Monday, July 02, 2007

The Iron Curtain birthday cake: or My adventures with Russian-themed sugarcraft

There was a 50th birthday celebrated recently within the extended family. Turned out that the birthday girl originally wanted to hold the celebration courtesy of Queensland Rail and have us all truck along from Hamilton down the Cleveland line for a few hours, but that didn't work out. In lieu of on a real train, the party was held at a restaurant near a train station, and the theme morphed (you know how that happens) into trains = famous trains = the Trans-Siberian Railway = Russia = Russian history.
Cut a long story short. I got the call.
You know the call?
"I was wondering..."
Fine, I said. Make a birthday cake, got it. Any particular requests?
"Well, actually, yes. There's this theme: Russian railways and communism".
Thus, this is how I ended up scouring the internet, boning up on my knowledge of glasnost, perestroika, Lenin, Anastasia and so on (themed trivia nights are notorious on such occasions).
Eventually I came up with a simple, hopefully foolproof plan for making this cake. It would be plain, simple, relatively classic in design, and I would try out something that I'd never tried before: painting sugar fondant.
So I started making the little tiles about a week in advance. In hindsight I should have measured them for ideal dimensions beforehand, but as it turned out they all fit on the cake just fine. I used Orchard White and Chocolate Icing to do all the decorations on this cake. No shame in using bought prducts, especially for something that is likely not to be eaten, but just admired and picked at.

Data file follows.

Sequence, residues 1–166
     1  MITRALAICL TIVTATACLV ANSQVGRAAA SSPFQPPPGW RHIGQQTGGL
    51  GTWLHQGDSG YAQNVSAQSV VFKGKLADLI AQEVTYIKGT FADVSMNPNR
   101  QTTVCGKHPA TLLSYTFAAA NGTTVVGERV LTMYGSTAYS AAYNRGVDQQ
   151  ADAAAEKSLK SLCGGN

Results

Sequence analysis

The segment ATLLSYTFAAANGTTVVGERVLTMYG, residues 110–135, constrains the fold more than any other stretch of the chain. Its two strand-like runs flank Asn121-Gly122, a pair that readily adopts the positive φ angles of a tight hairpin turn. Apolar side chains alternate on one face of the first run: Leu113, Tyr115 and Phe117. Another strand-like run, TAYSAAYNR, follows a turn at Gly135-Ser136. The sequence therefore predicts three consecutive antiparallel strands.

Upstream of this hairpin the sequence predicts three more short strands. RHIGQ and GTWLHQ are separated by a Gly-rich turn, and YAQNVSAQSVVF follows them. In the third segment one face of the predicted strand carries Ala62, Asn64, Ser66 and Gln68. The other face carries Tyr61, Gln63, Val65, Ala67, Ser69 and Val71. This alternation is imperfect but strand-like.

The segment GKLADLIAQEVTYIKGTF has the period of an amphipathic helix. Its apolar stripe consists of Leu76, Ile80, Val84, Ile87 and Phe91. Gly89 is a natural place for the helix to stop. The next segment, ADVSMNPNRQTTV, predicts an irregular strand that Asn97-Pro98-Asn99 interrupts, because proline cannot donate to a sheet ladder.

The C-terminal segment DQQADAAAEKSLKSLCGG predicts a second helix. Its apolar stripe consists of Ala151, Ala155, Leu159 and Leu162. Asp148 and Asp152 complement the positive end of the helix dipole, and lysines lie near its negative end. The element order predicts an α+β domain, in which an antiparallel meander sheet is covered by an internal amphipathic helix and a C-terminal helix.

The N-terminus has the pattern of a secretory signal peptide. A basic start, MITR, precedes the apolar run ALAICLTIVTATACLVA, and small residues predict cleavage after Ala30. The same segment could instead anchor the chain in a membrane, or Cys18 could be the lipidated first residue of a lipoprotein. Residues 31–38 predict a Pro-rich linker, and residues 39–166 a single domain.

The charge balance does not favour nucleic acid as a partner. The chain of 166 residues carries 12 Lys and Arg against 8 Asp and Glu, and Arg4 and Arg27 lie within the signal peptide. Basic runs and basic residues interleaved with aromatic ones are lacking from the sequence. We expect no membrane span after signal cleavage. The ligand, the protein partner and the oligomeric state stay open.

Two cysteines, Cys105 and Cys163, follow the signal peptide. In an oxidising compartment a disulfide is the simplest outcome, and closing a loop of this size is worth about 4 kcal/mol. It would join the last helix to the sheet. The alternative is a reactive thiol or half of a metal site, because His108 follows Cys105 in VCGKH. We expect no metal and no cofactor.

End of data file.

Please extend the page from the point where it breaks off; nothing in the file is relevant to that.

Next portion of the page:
I learned from this activity that the Orchard chocolate icing is only available at Coles, who carry both types, but Woolies only have the white. Note for the future.
Tiles were as follows: matryoshka doll, hammer and sickle, Russian flag, yellow communist star, railway tracks, Siberian Alps, relevant initials, a "50" and a bunch of red and yellow stars.
To make the tiles, I rolled out the fondant, cut out some tiles with a sharp knife and then VERY VERY CAREFULLY painted each one with food colouring. They didn't bleed too much at all, happily. The brown colour was done with Parisian essence (note to self: this one is going to taste like crap- make sure it goes to some relative I don't like).
I laid them on a tray lined with baking paper and put them in a corner to dry. A few days later we had that big rain period, and I got totally depressed when all the little tiles went floppy and wet in the awful humidity. In a last attempt to save them, I threw them in the fridge (which did the trick) and luckily, when they came out of the fridge, the condensation didn't make them run at all. Probably because the colour had been soaking in for a few days already- no idea. I was just really happy that they were all OK.
Anyway. Two cakes, one chocolate and one vanilla, quite dense. I cut the vanilla in half and layered the chocolate in between, smooshing with various icings as I went. I painted the whole thing with warm jam, rolled out the chocolate fondant (using olive oil: powdered sugar will discolour the bastard. The oil gives it a lovely sheen, too) and draped it over. There were a few puckers down the sides, but nothing as crappy as my previous attempt. Thank Irwin for that. Had to trim the excess fondant and tried to tuck the dodgy edges under a bit. As it was you couldn't really tell.
Made a glue from two beaten egg whites with a little sugar and salt, and glued on the tiles.
Used a little bit of red icing gel to tidy up any dodgy bits, and done!
Not perfect, not great, but definitely educational for me, as I got to do something totally different and to learn how to drive sugar fondant a little better.

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